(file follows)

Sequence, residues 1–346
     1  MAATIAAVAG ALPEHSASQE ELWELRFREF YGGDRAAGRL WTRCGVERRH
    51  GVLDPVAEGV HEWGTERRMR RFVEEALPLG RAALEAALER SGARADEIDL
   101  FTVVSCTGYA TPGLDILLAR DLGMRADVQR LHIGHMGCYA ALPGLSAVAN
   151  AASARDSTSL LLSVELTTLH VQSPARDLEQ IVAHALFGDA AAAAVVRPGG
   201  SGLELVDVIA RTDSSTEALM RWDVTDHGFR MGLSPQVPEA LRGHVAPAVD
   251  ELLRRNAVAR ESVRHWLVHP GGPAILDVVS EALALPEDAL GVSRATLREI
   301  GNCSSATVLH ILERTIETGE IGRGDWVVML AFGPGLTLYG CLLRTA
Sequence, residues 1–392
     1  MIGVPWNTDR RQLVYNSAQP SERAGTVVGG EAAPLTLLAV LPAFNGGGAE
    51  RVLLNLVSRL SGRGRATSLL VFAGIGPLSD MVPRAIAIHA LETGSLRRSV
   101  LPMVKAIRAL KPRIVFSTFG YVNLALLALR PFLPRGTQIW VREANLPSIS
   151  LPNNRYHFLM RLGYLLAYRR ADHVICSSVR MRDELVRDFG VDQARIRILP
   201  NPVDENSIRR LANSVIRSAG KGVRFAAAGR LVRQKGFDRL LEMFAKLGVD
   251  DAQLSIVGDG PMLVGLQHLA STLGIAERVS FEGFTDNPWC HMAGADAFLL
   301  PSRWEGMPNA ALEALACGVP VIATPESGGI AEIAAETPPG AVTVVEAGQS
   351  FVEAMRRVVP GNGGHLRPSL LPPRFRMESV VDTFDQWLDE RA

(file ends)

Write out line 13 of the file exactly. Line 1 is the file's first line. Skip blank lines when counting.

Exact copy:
   151  LPNNRYHFLM RLGYLLAYRR ADHVICSSVR MRDELVRDFG VDQARIRILP